On Sunday, a group of young artists unveiled a golden bust of the second Czechoslovak President Edvard Benes in a park in the centre of Prague. They did so in an attempt to express their views of the controversial post-war Benes decrees that seem to be never out of the headlines here in the Czech Republic as well as neighbouring Austria and Germany.
The Prague-based group of artists who call themselves Pode Bal have been using their art to comment on various political issues since 1998. Using cheeky humour and subversive art - in the form of posters, postcards and street art - Pode Bal draw the public's attention to controversial topics in Czech politics and society. The unveiling of president Benes' statue on Sunday was their latest such project.
A statue of President Benes, its forehead adorned with a tiny Czechoslovak flag, now dominates the park by Palackeho namesti square Prague, which local people use mostly to walk their dogs. One of the organisers, Petr Motycka, a member of Pode Bal, explained what the event was supposed to signify.
"It is exactly this president that signed the so-called controversial Benes decrees. The Benes decrees stipulated the expulsion of Czechoslovak citizens of Hungarian and especially German descent from the then Czechoslovakia. The problem with this is that it applied a certain concept of collective guilt, therefore not only people who had collaborated with the Nazi regime but also people who'd actually fought against it were expelled, their property was confiscated and a lot of them were killed. We're talking about more than 2,000,000 people being affected by these decrees. Whereupon another decree was added promising untouchability to those who committed crimes against these Germans."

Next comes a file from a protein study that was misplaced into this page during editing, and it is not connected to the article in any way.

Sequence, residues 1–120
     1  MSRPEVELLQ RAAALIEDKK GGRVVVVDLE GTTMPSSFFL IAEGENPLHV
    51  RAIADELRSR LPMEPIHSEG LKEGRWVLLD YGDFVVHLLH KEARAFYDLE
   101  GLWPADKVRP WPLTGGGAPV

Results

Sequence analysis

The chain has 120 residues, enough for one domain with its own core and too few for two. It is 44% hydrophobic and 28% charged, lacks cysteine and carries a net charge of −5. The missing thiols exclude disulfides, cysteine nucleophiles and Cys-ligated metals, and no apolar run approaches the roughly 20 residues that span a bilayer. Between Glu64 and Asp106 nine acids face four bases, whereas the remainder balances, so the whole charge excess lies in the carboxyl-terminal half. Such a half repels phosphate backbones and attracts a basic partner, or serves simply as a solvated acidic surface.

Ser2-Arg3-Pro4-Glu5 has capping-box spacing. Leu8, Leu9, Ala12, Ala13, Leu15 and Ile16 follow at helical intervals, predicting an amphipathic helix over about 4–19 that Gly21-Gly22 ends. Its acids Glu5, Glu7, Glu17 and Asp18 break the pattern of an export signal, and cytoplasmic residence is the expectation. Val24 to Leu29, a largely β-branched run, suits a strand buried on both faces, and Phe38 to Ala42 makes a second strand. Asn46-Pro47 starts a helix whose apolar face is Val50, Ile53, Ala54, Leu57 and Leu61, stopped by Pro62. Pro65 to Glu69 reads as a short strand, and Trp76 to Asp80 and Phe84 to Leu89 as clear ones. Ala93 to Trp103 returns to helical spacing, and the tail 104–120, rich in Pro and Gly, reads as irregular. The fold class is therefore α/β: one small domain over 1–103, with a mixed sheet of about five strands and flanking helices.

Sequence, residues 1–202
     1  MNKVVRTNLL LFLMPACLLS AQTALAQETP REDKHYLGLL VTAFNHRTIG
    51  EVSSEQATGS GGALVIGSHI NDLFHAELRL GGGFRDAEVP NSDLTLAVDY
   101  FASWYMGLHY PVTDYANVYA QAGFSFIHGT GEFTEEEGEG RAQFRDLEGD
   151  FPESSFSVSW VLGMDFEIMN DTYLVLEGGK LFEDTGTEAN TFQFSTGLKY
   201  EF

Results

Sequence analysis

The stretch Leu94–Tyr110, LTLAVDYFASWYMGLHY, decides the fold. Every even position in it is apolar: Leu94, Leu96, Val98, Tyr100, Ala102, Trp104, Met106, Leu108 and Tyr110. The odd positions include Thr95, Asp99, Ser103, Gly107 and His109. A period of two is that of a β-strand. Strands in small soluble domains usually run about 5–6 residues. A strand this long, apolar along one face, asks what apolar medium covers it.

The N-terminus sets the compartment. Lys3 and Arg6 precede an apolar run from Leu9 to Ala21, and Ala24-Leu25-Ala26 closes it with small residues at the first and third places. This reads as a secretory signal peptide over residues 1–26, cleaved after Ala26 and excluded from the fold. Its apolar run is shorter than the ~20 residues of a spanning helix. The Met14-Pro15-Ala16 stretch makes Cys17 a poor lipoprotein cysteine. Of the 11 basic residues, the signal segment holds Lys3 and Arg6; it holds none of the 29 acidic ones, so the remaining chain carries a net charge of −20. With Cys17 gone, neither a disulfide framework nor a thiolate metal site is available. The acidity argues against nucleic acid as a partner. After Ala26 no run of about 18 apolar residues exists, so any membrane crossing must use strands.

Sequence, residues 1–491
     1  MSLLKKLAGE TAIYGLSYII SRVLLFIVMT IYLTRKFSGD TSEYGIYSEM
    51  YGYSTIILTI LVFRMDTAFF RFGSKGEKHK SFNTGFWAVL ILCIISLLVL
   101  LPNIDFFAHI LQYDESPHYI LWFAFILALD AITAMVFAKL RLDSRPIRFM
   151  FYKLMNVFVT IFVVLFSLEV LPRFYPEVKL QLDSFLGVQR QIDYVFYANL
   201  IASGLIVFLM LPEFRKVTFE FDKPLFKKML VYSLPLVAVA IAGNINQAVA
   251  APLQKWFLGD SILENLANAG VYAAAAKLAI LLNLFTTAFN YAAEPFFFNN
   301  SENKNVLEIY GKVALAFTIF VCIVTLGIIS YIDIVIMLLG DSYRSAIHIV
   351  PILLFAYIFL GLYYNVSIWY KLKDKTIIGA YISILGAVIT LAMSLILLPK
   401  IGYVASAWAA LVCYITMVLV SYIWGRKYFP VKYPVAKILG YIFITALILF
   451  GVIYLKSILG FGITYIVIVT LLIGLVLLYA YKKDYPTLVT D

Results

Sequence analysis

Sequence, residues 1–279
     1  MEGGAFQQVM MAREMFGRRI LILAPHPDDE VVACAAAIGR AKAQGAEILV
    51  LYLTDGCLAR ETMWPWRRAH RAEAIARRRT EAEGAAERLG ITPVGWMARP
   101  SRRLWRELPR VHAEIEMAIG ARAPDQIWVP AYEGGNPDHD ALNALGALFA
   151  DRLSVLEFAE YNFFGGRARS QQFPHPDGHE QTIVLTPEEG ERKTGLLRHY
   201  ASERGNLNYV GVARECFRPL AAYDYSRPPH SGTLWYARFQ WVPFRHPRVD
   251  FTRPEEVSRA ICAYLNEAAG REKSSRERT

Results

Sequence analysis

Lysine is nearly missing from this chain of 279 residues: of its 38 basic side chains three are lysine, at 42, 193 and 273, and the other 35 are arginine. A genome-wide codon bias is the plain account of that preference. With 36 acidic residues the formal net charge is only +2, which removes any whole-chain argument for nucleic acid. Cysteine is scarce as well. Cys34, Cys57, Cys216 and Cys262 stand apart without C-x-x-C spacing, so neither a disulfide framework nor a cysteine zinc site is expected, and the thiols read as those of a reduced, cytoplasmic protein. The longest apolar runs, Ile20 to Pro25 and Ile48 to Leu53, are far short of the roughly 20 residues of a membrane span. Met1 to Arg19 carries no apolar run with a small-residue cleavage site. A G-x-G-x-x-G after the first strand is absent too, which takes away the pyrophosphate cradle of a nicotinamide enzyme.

But it is not the mere existence of the Benes decrees that Pode Bal are commenting on. Their aim is also to draw attention to a certain document the Czech lower house passed this spring.
"All the political parties decided to pass a document declaring that in fact the Benes decrees were untouchable and that's the end of discussion. So this is what we're reacting to and we decided to make a monument which rather than about the decrees themselves and history, is about the present and this strange consensus of all the political parties including conservatives on one side and communists on the other supporting this kind of historical event and collective guilt."
Finally I asked Petr Motycka what the Pode Bal art group thought of the fact that the recent report commissioned by the European Parliament found that the Benes decrees posed no barrier to the Czech Republic's entry to the European Union.
"This is one thing. It's a technical question whether it proves an obstacle as a law opposing the European legislation but it doesn't solve the ethical and the moral problem."
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